The Ethics of Makeup

It used to be that when you bought makeup, whether at a drug store or a makeup counter in a department store, your main concern was whether the color looked good on you. That's still a primary concern; after all, who wants makeup that looks bad on them?

Increasingly, though, makeup manufacturers lead the way toward more ethical living. This doesn't have to mean GOOP-level changes in your life. One of the key ideas I came away from the Indie Beauty Expo with was how simple it is to incorporate more ethical choices into your beauty routine.

A long time ago — like a decade ago — "cruelty-free" and "not tested on animals" were makeup's buzz words. We've gotten to a place where that's now the minimum bar for acceptable ethics, though. Today's cosmetics companies, especially the indie ones, pay attention to social causes and ingredients.

It's become easy to find vegan-friendly products, like B'Livinn nail polish, which we started carrying this week, and Clove+Hallow cosmetics, which we are ordering soon. And we did a Facebook Live video last week demonstrating My Magic Mud charcoal toothpaste, which has taken out chemicals like triclosan and fluoride to make a better toothpaste. Bitchstix, a new skin care company with whom we hope to start working, creates their products with 100% renewable energy offsets. They're also dedicated to raising awareness about domestic violence and sexual assault, which is why they not only donate some of their profits to those causes but also partner at the local level with retailers to support local organizations. See why we want to work with them?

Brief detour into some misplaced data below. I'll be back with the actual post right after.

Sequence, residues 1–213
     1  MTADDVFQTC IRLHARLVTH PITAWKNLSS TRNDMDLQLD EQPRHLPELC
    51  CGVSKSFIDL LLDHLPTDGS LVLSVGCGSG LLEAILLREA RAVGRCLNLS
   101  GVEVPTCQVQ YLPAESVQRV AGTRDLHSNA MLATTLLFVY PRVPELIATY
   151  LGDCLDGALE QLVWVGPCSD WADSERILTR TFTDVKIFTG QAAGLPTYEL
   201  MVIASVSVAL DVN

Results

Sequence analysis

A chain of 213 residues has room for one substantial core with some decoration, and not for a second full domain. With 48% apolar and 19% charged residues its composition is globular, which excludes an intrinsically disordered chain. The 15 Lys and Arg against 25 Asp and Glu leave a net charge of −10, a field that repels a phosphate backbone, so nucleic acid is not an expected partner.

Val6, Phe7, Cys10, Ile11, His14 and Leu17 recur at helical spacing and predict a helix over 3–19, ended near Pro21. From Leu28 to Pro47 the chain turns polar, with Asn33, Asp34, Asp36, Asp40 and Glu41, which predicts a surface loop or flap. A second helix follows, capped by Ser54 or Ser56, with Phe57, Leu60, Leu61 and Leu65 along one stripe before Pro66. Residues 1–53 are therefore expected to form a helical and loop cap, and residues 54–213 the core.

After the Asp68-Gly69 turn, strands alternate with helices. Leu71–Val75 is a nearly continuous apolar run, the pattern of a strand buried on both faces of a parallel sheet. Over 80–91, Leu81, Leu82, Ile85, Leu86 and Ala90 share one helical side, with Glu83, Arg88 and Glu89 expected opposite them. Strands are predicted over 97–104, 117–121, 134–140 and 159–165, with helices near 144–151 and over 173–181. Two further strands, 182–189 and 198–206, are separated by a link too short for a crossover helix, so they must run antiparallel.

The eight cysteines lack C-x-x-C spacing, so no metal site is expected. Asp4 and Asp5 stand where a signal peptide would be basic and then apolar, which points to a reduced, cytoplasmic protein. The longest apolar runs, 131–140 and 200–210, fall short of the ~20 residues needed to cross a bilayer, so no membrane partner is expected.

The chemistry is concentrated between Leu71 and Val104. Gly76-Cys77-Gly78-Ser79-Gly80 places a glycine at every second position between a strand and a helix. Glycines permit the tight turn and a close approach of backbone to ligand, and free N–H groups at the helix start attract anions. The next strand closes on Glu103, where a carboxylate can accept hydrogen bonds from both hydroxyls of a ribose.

There's still the question of whether it looks good or not. We'll let you be the judge of that. But every vendor I spoke to at IBE was adamant that their product has to work. They know that. You don't have to become a dirty hippie in your quest for more ethical cosmetics. More on that next week, though (dirty hippies).

Read Part 1: "What Is Clean Beauty?" and Part 3: Let's Talk About Sweat, Baby